participant that night, and defense attorneys soliciting testimony from witnesses that would indicate that the girl, though drunk, knew what she was doing. The teenage girl testified Saturday that she could not recall what happened the night of the attack but remembered waking up naked in a strange house after drinking at a party. The girl said she recalled drinking, leaving the party holding hands with Mays and throwing up later. When she woke up, she said she discovered her phone, earrings, shoes, and underwear were missing, she testified. “It was really scary,” she said. “I honestly did not know what to think because I could not remember anything.”

Whe

STEUBENVILLE, Ohio — Two members of a high school football team were found guilty Sunday of raping a drunken 16-year-old girl in a case that bitterly divided an Ohio city and led to accusations of a cover-up to protect the community’s athletes. Steubenville High School students Trent Mays and Ma’Lik Richmond were sentenced to at least a year in juvenile jail, capping a case that came to light via a barrage of morningafter text messages, social media posts and online photos and video that drew global attention. Mays was sentenced to an additional year in jail on a charge of illegal use of a minor in nudity-oriented material, to be served after his rape sentence is completed. The two teens broke down in tears after the verdict was read and later apologized to the victim. Both were emotional as they spoke, and Richmond began sobbing so heavily that he bent over and had to be helped back to his seat. Richmond’s father, Nathaniel, also asked that the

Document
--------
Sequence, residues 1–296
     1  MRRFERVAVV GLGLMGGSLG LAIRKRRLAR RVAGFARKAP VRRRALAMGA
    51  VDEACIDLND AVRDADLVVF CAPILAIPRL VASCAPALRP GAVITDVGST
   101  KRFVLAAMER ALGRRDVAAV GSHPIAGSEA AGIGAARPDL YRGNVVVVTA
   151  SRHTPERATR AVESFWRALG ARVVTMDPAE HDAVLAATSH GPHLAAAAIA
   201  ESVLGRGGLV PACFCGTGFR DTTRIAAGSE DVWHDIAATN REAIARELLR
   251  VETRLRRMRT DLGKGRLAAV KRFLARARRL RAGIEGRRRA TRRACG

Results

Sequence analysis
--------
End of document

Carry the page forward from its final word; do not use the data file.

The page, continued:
victim’s family “forgive Malik and Trent for the pain they put you through.” Mays, 17, and Richmond, 16, were charged with digitally penetrating the West Virginia girl, first in the back seat of a moving car after an alcohol-fueled party on Aug. 11, and then in the basement of a house. The case roiled the community a mid allegations that more students should have been charged — accusations that Ohio’s attorney general pledged to look into — and led to questions from a much wider audience online about the influence of the local football team, a source of a pride in a community of 18,000 that suffered massive job losses with the collapse of the steel industry. Protesters who sought guilty verdicts stood outside the courthouse Sunday morning, their arms linked, some wearing masks. Prosecutor Marianne Hemmeter criticized the efforts by the hacker collective Anonymous to publicize the case, saying the extra attention led to a chilling effect on those willing to testify. The trial opened last week as a contest between prosecutors determined to show the girl was so drunk she couldn’t have been a willing

Tillotson Avenue